Today, it is not uncommon to hear the phrase, “50% of all marriage in the United States end in divorce.” This phrase has caused much concern over whether the institution of marriage in the United States is declining. However, many are starting to question this phrase and whether the divorce rate in the United States is indeed as high as 50%. As it turns out, an analysis of the marriage and divorce statistics in the United States reveal that the divorce rate in the United States may not be as high as many believe it to be.
Upon examination of the divorce rates in the United State, it seems that the common misconception regarding the U.S. divorce rate may stem from a misreading of the yearly marriage to divorce ratio. In the United States, the marriage to divorce ratio has hovered around 2:1 since 2000. It is easy to see how some would misread this ratio as proving that the overall divorce rate in the United States is 2 to 1, or 50%. However, this is not so. What this yearly marriage to divorce ratio simply shows is that for every two marriages entered into in a given year, one divorce occurred. For example, according to the Center for Disease Control and Prevention’s National Vital Statistics System, in 2000 there were approximately 2.3 million marriages and approximately 1 million divorces. At first glance, that would seem like a 50% divorce rate. However, what must be considered is that this statistic only takes into account the marriages and divorces that occurred in a given year. The divorce rate, or marriage to divorce ratio, does not take into account the marriages that were in existence prior to 2000, or the marriages that continued to exist after 2000. In order to derive the true divorce rate in the United States, it would be necessary to compare the number of individuals who obtained a divorce in a given year to the total number of marriages in existence.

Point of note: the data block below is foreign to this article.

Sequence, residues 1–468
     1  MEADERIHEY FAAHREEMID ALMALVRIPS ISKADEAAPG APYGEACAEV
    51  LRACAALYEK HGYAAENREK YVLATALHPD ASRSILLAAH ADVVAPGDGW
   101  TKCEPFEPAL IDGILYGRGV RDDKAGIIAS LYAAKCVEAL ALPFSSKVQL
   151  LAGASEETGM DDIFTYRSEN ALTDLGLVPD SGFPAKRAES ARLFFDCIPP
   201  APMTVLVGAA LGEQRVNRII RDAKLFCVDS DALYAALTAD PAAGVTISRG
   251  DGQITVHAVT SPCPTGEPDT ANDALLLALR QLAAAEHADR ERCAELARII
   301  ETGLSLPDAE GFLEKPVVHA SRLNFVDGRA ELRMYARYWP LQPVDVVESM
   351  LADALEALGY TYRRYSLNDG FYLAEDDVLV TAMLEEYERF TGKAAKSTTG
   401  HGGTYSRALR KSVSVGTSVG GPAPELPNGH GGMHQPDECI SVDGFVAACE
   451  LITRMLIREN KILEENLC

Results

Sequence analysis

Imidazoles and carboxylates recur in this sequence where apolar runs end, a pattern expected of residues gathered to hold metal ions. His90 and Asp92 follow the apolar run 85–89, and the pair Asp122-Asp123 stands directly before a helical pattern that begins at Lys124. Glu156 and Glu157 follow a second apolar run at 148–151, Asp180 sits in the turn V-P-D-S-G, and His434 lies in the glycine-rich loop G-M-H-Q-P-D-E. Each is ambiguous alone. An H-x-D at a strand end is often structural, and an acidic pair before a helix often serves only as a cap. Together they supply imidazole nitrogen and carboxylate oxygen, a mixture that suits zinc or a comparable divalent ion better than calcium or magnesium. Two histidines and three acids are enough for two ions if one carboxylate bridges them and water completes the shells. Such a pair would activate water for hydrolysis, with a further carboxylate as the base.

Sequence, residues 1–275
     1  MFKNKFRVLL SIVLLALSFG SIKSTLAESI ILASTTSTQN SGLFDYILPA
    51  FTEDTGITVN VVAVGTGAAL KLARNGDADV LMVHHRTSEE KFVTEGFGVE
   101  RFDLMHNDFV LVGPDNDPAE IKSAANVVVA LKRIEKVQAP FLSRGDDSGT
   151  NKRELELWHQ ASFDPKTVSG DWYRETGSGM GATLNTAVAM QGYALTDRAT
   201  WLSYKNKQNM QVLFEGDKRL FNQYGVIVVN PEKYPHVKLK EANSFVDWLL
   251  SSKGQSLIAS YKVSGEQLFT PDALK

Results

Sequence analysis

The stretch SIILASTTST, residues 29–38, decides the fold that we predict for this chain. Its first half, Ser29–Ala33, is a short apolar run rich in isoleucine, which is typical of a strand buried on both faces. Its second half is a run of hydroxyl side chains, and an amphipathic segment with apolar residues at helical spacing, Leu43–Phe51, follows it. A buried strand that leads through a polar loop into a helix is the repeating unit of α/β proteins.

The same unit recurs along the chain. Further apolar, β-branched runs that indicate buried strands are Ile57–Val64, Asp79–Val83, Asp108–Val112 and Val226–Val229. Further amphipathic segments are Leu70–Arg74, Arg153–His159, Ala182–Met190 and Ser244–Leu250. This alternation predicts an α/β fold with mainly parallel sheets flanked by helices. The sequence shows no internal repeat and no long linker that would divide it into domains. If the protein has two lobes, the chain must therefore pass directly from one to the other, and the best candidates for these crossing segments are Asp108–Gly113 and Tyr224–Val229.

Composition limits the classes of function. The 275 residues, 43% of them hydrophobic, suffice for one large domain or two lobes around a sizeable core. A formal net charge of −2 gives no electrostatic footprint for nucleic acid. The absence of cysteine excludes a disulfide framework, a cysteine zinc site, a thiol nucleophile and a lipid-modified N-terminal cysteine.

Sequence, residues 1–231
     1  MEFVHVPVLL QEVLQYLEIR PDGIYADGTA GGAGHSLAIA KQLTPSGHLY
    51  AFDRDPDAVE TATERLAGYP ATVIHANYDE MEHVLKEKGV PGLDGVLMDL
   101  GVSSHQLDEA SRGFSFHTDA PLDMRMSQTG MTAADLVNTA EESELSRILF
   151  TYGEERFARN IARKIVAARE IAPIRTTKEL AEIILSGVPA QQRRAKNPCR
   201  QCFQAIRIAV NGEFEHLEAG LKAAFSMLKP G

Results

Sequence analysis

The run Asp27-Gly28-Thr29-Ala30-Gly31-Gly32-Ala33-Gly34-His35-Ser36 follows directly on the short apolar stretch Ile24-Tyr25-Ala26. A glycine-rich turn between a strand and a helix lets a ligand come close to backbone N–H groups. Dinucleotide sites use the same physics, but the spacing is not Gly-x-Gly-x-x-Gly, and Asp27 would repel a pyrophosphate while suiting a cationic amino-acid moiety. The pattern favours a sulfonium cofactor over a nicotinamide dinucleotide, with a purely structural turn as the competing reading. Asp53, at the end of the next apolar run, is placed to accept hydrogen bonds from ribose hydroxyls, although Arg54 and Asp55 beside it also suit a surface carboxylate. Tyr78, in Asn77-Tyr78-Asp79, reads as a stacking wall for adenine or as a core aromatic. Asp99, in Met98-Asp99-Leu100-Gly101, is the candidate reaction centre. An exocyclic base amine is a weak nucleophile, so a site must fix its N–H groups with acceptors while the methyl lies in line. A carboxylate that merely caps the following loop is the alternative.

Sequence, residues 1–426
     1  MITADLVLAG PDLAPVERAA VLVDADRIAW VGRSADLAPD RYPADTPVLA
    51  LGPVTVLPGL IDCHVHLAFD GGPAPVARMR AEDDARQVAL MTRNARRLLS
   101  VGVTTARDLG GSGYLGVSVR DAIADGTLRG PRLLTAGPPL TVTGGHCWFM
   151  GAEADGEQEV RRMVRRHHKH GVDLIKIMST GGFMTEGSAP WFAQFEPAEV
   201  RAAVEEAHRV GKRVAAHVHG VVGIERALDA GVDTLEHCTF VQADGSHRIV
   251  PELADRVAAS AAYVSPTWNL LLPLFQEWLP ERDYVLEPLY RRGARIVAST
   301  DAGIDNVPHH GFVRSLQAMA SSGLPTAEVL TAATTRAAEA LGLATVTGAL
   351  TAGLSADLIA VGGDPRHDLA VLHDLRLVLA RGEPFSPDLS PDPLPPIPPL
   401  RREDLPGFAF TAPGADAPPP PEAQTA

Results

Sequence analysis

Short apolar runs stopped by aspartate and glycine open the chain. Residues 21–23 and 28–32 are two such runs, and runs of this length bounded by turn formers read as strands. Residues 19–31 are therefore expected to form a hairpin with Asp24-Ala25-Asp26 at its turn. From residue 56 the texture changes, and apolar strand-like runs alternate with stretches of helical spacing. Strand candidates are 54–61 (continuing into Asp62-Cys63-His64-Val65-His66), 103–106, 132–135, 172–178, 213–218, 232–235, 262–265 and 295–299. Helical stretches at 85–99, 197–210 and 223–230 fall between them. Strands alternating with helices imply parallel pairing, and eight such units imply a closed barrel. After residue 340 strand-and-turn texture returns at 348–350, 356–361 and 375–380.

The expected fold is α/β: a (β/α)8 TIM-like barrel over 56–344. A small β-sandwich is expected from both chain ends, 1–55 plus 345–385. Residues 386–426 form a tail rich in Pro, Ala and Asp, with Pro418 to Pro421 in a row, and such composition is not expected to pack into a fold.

A better estimate of the divorce rate in the United States may be ascertained by looking to an article published by the United States Census Bureau. This article, entitled Number, Timing, and Duration of Marriages and Divorces: 2009, provides data concerning marriage and divorce rates across various populations. According to this study, of the men surveyed, 20.5% reported ever being divorced. Of the women studied, 22.4% reported ever being divorced. Although this study does not represent the entire U.S. population, the results were based in part on data collected by the U.S. Census Bureau, and provides a closer representation of what the U.S. divorce rate may actually be. What is certain after an examination of the information provided by Centers for Disease Control and Prevention and the United States Census is that the divorce rate in the United States maynot be nearly as high as commonly believed.
By A. Latrese Martin, Associate Attorney, Meriwether & Tharp, LLC